Your large bed does sound good for vegetables, but a little sweet (higher pH) for most native azaleas.  R. eastmanii, which can handle up to 6.8 pH, perhaps higher, would have no problem with the garden soil.
         
        The goal of my bed is to grow grow small rooted cuttings to a transplantable size and then be able to move them easier from loose pebbly media that has no competing roots from the natural soil.  Also several azaleas and rhododendrons near the bed are getting the benefits of water and nutrients from the raised gravel bed.  The bed seems to function additionally as a water trap (but not saturated) that slowly releases its water to the surrounding natural soil.  It might be wise to put such raised beds among plants in droughty soil, which my soil is.
         
        Mike Creel, SC USDA Zone 8a


        From: "michael.campbell3@..." <michael.campbell3@...>
        To: azaleas@yahoogroups.com
        Sent: Sat, May 1, 2010 6:41:50 AM
        Subject: Re: [AZ] Raised bed of pea gravel and mushroom compost

         

        I just put in about 1000 sf of raised bed with mushroom compost as the primary ingredient with about 20% pulverized black dirt, 5" layer of peat moss, about 150 pounds of fireplace ash and tilled it all up.  I'm going to till in a few truckloads of lawn clippings and leaves then plant watermelons and asparagus beans.  I was hoping after this year the beds will "cool off" enough to plant azaleas in prepared holes (with perlite, bark and peat).
        ----- Original Message -----
        From: "Mike Creel" <mikeacreel@yahoo. com>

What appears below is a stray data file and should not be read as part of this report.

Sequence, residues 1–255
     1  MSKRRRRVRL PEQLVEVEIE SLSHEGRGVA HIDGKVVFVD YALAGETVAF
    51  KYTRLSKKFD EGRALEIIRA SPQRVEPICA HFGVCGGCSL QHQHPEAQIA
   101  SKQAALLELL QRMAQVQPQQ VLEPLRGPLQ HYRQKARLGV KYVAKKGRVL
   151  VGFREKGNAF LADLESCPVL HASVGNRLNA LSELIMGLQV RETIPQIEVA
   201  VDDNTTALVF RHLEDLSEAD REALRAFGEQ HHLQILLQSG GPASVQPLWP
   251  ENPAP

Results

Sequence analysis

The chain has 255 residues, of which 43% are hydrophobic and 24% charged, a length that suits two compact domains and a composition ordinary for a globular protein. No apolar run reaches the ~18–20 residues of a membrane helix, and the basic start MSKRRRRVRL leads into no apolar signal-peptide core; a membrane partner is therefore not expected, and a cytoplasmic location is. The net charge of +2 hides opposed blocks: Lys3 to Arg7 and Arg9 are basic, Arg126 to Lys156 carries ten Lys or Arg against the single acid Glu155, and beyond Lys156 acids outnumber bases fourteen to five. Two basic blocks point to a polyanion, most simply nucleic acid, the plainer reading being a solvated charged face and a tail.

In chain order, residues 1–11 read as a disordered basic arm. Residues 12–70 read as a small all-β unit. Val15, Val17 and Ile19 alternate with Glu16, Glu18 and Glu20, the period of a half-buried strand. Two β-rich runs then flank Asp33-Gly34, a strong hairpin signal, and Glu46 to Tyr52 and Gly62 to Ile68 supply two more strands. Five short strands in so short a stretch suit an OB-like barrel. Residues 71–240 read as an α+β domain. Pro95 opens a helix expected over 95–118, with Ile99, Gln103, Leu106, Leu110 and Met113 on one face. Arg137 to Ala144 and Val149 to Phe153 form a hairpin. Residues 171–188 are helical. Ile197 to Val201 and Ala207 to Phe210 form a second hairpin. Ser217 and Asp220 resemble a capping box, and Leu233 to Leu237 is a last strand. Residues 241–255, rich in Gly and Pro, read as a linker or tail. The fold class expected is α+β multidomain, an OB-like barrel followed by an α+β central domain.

To: "ASA Azaleaphiles" <azaleas@yahoogroups .com>
        Sent: Friday, April 30, 2010 9:31:09 PM GMT -06:00 US/Canada Central
        Subject: [AZ] Raised bed of pea gravel and mushroom compost [1 Attachment]

         
        [Attachment(s) from Mike Creel included below]

        Here is the raised bed I built and am using to grow out azalea and rhododendron cuttings (previously rooted) and seedlings, as well as some choice clump forming perennials.  The bed is about 3 by 3 feet with the bottom lined by a sheet of brown weed fabric. The media is a mix of 3 parts mushroom compost with one part pea gravel (little rocks of various colors) from Home Depot.  I sprinkled some old pine bark compost on the surface. 
         
        Though I still have some empty space, I currently have planted in the bed a pink Stokes Aster I discovered, a rooted cutting of a white Rhododendron schlippinbachii, a rooted cutting of Georgia Giant azalea, a rooted cutting of a dark Austrinum, a rooted cutting of  Perle de Swynaerde azalea, a seedling of an azalea Bill Dale found, and two early arborescens cuttings.
         
        The bed has been planting over a week now and all plants look good, better than they did in pots.  I may make more of these beds to grow out cuttings now in pots.  The beds require less watering than pots.  Plants grown in a bed like this will be much easier to remove and put into permanent plantings in the landscape.  I call the bed a Dalton Bed because my friend Terry Dalton uses beds very similar to this to grow out plugs of grasses and sedges.
         
        The bagged compost I used is Lawn and Garden Mushroom compost from Simms Bark in Tuscumbia, Ala., sold by Lowes in South Carolina. It does not burn.  I have grown vegetables like tomatoes in the pure compost.  Some people have grown tomato plants in the bag after slitting the top and making drain holes in the bottom.
         
        Mike Creel, SC USDA Zone 8a
        Nature is my Greenhouse
        Fall-Line Sandhills region
        Lexington County, South Carolina